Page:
Under the deep blue sky of a brilliant autumn, early on a recent Friday afternoon Jeanette and I drove away from Hobart and headed south to Kettering. The sun sparkled on a clean landscape and the expansive waters of the D’Entrecasteaux Channel beckoned. This strait separated mainland Tasmania from Bruny Island. The first map locates Bruny Island to the south east of Tasmania and the second map indicates the path of the D’Entrecasteaux Channel between mainland Tasmania and Bruny Island.
We parked second in the vehicle queue at the Kettering Ferry Terminal then we filled in time watching the nearby marina yachts bob gently.Looking across to Bruny we could see our ferry on its way back to collect us. You can watch it here. Very quickly and efficiently we were loaded and moved off; the trip to cross the Channel took less than a comfortable 20 minutes.
This was my first time travelling to Bruny Island despite being an old chick and having lived in Tasmania for much of my life. Until now I had believed other locations would be more thrilling. Jeanette, who knew Bruny well, had urged me to visit for well over ten years. Now I had relented. I would go. We would have a simple weekend away for a reconnaissance trip and then plan future walking and exploration excursions.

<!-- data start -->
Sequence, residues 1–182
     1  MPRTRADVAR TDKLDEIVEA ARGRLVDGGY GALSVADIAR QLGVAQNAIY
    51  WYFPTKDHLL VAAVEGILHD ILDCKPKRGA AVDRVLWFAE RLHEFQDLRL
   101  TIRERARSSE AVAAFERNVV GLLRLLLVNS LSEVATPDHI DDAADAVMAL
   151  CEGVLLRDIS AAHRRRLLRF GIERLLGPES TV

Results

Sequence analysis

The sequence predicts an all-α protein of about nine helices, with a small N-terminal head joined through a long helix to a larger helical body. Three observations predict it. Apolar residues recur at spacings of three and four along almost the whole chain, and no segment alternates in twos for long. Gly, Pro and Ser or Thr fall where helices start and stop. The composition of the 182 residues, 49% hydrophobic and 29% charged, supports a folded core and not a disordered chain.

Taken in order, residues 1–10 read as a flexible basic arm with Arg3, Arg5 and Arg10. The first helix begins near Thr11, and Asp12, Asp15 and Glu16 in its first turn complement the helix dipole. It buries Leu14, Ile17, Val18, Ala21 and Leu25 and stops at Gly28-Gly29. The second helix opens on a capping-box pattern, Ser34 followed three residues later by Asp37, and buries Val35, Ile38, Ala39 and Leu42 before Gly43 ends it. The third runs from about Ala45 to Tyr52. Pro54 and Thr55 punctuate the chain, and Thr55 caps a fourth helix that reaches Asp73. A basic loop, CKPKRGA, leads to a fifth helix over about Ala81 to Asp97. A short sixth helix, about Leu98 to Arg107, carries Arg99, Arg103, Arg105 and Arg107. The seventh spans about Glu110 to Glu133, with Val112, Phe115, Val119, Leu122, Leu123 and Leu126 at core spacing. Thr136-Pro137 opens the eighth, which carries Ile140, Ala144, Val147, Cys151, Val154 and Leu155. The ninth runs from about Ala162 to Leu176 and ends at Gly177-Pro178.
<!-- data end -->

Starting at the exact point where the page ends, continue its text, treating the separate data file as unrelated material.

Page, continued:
During the crossing the circular pens of salmon fish farms were spotted in the distance. The hard shadows of the late autumn afternoon presented crisp outlines of hills, trees, water craft and the gullies and crests in the gentle waters of the D’Entrecasteaux Channel. Wonderful. Colourful. I could feel my stomach fluttering with pleasure and anticipation. It felt like I had made a good choice, albeit much belated, to visit Bruny Island.
All hail the return of the Tasmanian Traveler.
Thought you would like that.